Lifestyle, Mental health

Ugly Truth 55: Nature is Nurture & 5 Ways to Reset a Troubled Mind

“A higher level of consciousness can not support a pattern of fear.” -Alyssa Malehorn 

Good Afternoon Readers,

Over the past week I have dedicated a great deal of effort toward altering patterns of behavior that no longer serve me. Interested in the way spiritual practices influence mental health, the Deskraven blog offers you 5 ways to tap into and improve your relationship to yourself:

Practice Intermittent Fasting

Intermittent Fasting (IF) has innumerable health benefits. If you’re unfamiliar with Intermittent Fasting, it is the notion that you fast for a period of time followed by opening an eating window for a period of time. The key to success is selecting an IF schedule that best suits your lifestyle, and allows you to build slowly on your success.

Many people begin with 12 hours of fasting (often while you are asleep) followed by a 12 hour eating window. As this form of self-discipline becomes easier, you will graduate to 16:8, 18:6, 20:4, or 23:1 fasting schedules. There are other IF schedules available as well such as eating normally for 5 days while restricting 2 days to 600 calories (5:2), and One-Meal-A-Day (OMAD) that I have also found to be successful.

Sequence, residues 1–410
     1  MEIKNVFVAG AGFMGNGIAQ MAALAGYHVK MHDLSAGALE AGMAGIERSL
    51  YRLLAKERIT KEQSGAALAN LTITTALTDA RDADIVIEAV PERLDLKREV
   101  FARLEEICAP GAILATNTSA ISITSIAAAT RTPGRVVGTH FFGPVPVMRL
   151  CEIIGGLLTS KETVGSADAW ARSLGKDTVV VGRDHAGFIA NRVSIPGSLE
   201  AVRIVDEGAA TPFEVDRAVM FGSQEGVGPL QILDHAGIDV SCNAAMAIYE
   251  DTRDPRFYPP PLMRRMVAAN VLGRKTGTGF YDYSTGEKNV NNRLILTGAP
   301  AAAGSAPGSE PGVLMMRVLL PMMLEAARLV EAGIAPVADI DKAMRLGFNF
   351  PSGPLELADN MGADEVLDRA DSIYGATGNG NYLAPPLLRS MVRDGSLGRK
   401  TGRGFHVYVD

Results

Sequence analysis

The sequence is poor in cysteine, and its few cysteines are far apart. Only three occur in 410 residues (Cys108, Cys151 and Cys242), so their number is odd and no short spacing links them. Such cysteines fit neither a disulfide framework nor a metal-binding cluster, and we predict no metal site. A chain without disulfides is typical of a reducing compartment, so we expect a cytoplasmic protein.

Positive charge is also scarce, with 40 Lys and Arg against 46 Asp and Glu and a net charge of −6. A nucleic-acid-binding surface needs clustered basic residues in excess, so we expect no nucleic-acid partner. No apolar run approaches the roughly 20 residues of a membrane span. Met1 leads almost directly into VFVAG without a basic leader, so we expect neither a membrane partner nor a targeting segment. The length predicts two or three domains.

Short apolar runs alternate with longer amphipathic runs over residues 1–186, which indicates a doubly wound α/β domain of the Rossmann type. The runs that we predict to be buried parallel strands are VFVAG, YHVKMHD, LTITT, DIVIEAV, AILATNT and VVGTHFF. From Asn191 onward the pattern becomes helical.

Currently, I am fasting for at least 20 hours a day and eating in the evening. During my fasting window, I consume only large amounts of water, black coffee, and tea. Over time, your appetite will diminish and adjust accordingly. This is the best schedule for me as I am often busy through out the day, and calorie consumption makes me drowsy, so it offers up the promise of a good night’s sleep.

The health benefits of Intermittent Fasting consist of changes in the function of cells, gene expression, and hormone levels. IF helps you lose weight, burn belly fat, reduce insulin resistance, reduce oxidative stress, and reduce inflammation throughout the body. Moreover, it is beneficial to heart health, cellular repair, and longevity. Lastly, fasting practices offer marked improvement in cognitive functions such as memory, clarity, execution, and unheard of levels of energy.